OT - Occupational therapists.


SALT - Speech & Language therapists.

(Just a teeny tiny silly thing but you might want to say children with special needs rather than special needs children)

Anyway, let us know how you get on and best of luck, TC x

sinclair Thu 10-Feb-05 17:16:59

Agree, portage is so invaluable, you are supporting families in the home up to education so it tends to be younger kiddies, but think you may need special training. The service is usually run bu Educ dept at the council so contact them. I would think about Learning Support Assistants in schools (basically fulfilling the requirements of children like my DD who has a statement of special educ needs which states that she is entitled to one-2-one support for x hours a week) Am fairly certain that you don't need a special background, and lots of training opportunites once in the job, hours segue nicely with school age kids which makes it a very manageable schedule for mums. Jobs are advertised on local council web sites so you can get a sense of what's around and the (pitiful) rates of pay. Hugely satisfying tho (so our fabtastic LSA tells me!)

Christie Thu 10-Feb-05 17:47:01

Message withdrawn at poster's request.

fredtbad Fri 11-Feb-05 02:00:58

Fair do's Christie. Can't understand why I typed moderate instead of multiple? I do vaguely remember my two waking up around that point and hurriedly finishing the post. I stand corrected How embarrassing!

coppertop Fri 11-Feb-05 07:56:55

The people who have helped us the most are:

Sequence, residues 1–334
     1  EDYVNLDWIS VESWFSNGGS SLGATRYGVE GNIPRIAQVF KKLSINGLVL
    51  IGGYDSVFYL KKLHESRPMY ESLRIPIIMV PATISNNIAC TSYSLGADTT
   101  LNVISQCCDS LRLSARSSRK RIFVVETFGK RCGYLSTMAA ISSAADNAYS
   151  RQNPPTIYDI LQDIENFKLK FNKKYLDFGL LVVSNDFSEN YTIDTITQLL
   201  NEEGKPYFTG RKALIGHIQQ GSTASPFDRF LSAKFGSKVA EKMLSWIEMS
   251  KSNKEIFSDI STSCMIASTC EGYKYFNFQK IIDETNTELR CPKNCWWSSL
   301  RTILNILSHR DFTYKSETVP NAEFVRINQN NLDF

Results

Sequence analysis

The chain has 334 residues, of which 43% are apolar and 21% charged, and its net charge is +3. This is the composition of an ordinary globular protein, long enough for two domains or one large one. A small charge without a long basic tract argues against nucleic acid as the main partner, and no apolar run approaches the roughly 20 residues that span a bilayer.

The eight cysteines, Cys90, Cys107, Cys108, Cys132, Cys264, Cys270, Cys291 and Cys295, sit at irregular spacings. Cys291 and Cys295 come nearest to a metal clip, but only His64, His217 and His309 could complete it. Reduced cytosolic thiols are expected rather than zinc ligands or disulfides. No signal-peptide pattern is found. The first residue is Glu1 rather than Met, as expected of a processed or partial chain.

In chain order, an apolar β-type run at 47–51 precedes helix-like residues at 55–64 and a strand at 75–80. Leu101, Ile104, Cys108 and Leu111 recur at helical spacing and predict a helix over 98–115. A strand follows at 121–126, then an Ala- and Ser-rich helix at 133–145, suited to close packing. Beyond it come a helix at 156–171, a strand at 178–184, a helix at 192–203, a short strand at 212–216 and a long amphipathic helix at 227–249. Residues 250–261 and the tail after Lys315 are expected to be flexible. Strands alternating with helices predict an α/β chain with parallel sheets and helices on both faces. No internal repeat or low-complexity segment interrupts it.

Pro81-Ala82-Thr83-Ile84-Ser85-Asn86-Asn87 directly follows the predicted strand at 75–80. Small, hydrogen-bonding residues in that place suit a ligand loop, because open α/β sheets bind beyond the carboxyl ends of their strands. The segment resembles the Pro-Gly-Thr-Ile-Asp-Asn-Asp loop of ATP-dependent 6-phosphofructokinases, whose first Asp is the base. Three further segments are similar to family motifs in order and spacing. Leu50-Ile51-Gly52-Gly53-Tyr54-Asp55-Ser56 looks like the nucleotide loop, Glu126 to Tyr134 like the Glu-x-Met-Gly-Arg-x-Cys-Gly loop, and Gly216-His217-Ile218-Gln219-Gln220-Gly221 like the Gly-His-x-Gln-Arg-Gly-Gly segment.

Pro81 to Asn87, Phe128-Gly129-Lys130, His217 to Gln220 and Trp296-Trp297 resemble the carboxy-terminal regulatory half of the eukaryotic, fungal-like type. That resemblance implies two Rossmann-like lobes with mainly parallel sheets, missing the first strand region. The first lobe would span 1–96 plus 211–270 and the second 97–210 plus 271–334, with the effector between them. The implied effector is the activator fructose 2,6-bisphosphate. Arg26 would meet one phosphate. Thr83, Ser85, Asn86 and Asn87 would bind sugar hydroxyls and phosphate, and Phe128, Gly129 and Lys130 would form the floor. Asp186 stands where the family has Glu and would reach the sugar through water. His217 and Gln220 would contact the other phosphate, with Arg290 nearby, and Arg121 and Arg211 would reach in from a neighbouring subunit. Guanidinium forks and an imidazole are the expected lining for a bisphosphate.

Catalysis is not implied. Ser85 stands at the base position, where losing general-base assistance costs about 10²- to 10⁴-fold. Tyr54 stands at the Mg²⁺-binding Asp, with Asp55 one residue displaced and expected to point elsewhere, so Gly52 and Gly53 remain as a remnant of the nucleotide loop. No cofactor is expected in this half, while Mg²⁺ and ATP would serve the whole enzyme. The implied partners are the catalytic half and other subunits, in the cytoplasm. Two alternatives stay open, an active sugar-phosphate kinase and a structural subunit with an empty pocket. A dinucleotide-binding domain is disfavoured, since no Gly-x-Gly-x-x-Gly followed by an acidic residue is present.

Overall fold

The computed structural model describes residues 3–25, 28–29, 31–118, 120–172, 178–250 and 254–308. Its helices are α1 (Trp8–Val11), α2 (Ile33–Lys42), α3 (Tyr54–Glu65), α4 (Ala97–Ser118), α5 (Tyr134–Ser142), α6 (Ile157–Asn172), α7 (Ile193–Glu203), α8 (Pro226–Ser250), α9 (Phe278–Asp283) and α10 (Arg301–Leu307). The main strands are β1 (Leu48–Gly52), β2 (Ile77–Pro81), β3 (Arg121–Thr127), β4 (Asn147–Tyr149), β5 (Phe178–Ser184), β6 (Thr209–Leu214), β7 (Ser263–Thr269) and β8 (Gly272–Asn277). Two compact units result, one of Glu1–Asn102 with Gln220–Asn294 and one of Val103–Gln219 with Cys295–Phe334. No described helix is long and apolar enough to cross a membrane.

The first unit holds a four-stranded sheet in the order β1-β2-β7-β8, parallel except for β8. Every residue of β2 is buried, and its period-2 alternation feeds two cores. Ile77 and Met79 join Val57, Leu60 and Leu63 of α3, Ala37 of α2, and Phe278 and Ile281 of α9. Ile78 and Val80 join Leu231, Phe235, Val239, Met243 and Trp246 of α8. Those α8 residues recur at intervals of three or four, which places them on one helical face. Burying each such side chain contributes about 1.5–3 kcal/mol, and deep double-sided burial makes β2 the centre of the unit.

Portage workers: Ds1 had a worker until he started school. Ds2 has one now. They visit us every 2 weeks and offer advice and suggestions of what activities may help with various difficulties. They are also someone who you can talk to without thinking you are either attention-seeking (important if your child has an 'invisible' disability) or the world's untidiest mother (although I may yet be a contender for that particular category ).

SALT - Ds1's SALT has helped us so much. She's truly wonderful.

Playgroup staff - They did a huge amount for ds1 with very little money. They were always there to give him hugs when he needed them but respected his personal space when he didn't want anyone near him. It was thanks to them that ds1 was able to participate fully in all of the activities, trips out etc.

LSA - Ds1 has an LSA for a few hours a week. She does a fantastic job with him and knows when to take an active role and when to take a step back and let him try doing an activity for himself.

Teacher - Ds1's teacher is very good with him. She seems to instinctively know when ds1 is doing something because of his ASD and when he's doing something because he's being <ds1>. This is important to us because this way he is not getting into trouble for something he can't help but at the same time he isn't being given free rein to do whatever he wants and being allowed to get away with it. He has ASD but he also gets into the same kinds of trouble as most NT 4yr-old boys.